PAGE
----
In the UK, everybody, especially the young, it seems, is aping the comedian Russell Brand and rejecting politics entirely. A Newsbeat report
from last month found that half of 18-21-year-olds weren't registered to vote and 60% were indifferent as to who wins next month's election. This apathy is also reflected among black people and those of Asian origin in the UK, 20% of whom
aren't registered to vote.
You'd think that today's UK digital natives -- a generation so eager to comment on Facebook and Twitter ad nauseum and leave their plethora of selfies on Instagram -- would be passionately involved in contemporary electoral politics. After all today's issues -- high unemployment, the ongoing storm over immigration and racism, the ISIS conflagration in the Middle East, above all the growing economic and cultural inequality between rich and poor -- should have them keenly engaged in the political process.
But this 21st century networked generation has outgrown the old political parties with their often rigidly ideological agendas. One reason is a deep cynicism, a debilitating apathy about the power of traditional political parties to change the big issues.
"The parties seem quite ambitious on their pledges and I'm not sure the next government can make an ounce of difference to the problem," thus one under-25-year-old explained to Helen Lewis
, deputy editor of the left leaning weekly magazine, The New Statesman. "Frankly, I don't think any petition I have ever signed has ever amounted to anything," another 23 year-old confessed to Lewis.
This Facebook generation may become passionately involved in identity politics controversies such as whether one can be both Muslim and gay, the subject of a popular BBC3 show last year
. But bigger and less personalized issues -- complex questions about taxation, employment and wealth generation which shape national life -- leave most of this generation cold.
The problem is that the highly individualized and personalized culture of the Internet -- a consequence of the weakening of traditional 20th century institutions, from corporations to political parties -- has changed young people's sense not only of the centrality of themselves but also of the significance of political parties and institutions.
John F. Kennedy famously said in his January 1961 inaugural Presidential address: "My fellow Americans, ask not what your country can do for you, ask what you can do for your country." But the individualized nature of our networked world, with its transformation of the self into the epistemological center of our existence -- make countries and political parties extensions of our selves. Kennedy's plea now sounds archaic -- not just from another century, but from another planet.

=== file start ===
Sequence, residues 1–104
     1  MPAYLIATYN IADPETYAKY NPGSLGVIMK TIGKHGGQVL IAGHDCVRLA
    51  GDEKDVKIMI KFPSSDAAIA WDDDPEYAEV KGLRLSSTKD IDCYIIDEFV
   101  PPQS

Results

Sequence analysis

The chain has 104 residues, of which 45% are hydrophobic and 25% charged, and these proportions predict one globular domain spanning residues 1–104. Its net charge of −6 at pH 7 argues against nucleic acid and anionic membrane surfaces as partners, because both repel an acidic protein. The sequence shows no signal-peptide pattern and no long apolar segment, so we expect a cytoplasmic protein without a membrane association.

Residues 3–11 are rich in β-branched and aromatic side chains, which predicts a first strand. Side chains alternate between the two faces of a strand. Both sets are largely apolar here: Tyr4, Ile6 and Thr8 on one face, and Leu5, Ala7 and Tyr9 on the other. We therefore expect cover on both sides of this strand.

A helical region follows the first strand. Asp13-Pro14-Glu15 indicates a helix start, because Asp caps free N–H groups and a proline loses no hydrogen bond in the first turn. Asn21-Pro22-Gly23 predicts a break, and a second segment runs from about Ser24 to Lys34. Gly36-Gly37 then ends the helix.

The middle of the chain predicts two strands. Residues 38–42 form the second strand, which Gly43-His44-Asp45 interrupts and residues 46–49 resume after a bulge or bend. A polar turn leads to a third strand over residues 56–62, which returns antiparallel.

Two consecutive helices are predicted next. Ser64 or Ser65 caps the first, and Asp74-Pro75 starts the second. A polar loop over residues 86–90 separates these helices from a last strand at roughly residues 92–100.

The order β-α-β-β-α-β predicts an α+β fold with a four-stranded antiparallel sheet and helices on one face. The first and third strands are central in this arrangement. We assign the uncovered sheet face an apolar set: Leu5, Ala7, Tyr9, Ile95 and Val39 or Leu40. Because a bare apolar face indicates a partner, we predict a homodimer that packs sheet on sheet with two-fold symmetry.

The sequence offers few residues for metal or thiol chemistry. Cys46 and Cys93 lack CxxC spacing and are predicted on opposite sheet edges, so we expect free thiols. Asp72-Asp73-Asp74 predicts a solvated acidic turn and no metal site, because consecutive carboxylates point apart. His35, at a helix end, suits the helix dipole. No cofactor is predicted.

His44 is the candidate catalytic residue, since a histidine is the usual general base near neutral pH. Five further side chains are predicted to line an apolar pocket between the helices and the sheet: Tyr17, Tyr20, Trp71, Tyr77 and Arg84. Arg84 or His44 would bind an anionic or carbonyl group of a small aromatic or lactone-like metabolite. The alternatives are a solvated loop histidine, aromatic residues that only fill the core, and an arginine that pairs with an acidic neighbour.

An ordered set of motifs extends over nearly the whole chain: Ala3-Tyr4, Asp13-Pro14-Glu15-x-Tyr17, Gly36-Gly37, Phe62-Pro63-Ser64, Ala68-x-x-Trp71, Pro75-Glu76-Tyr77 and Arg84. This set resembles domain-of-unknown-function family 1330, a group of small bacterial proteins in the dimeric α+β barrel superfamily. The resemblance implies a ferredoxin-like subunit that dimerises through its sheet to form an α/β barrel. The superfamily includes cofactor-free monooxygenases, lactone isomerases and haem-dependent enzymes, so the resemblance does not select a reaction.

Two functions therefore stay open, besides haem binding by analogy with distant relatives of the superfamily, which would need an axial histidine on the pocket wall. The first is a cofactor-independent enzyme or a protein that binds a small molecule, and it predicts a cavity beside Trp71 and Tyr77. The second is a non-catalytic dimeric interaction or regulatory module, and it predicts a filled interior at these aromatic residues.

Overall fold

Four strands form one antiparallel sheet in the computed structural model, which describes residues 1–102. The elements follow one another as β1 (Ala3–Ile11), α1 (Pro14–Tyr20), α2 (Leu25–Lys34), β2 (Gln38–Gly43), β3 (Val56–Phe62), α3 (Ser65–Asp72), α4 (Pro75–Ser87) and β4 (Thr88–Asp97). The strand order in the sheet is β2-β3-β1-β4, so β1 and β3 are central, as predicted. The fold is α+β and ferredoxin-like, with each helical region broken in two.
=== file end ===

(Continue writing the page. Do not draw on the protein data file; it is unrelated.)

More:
Political parties have thus lost not only their relevance, but their logic to the digital generation. "Belonging to a political party is very old-fashioned," one 24-year-old thus Londoner told The New Statesman's Lewis.
"Apart from the expense, I think it is limiting. For instance, if I joined one party but my ideals or beliefs changed over time, would I have to leave the party? I'm not a member of any party. I'd be surprised if anyone you ask is. Joining a party is quite a statement -- I stop being a voter in support and start being the party," a 23-year-old Londoner, added.
In the minds of this younger generation, individuals have become more important than the legacy political parties with their ideological baggage that isn't just limited to the self. And the political apps and web services designed for the UK's election reflect the cultural transformation of the political citizen into the individualized consumer.
Internet products on the UK market like VoteMatch
, Vote For Policies
are the political equivalents of Match.com or Tinder of our networked age. They connect individuals up with political parties to satisfy those individuals. They have no agenda, no perspective beyond the self(ie).
Ask not what you can do for you for your political parties, ask what these parties can do for you, VoteMatch, PositionDial, Vote For Policies and TickBox are all saying. No wonder young British voters are alienated, apathetic and atomized. No wonder they aren't signing up to vote. No wonder they don't care who wins the election.
So is the Internet really killing our politics? Certainly the Internet, with its individualization and personalization, is contributing to the crisis of many political parties -- particularly in the UK. But amid all the doom and gloom, there is a glimmer of hope. The UK's Green Party doubled in size last year, growing its membership from 22,000 to 44,000. While the appeal of the Scottish Nationalist Party (SNP) has dramatically increased since last year's referendum vote and now boasts 100,000 members.
Both the success of the Greens and SNP -- with their focus on broader technological and national issues -- show that traditional political ideology can still triumph over the individualized and personalized nature of Internet culture. It's critical that young people in the UK become re-engaged with politics. We know from history that an alienated and apathetic youth is dangerous for democracy. And it's a fertile environment for mob politicians and rabble-rousers to prosper.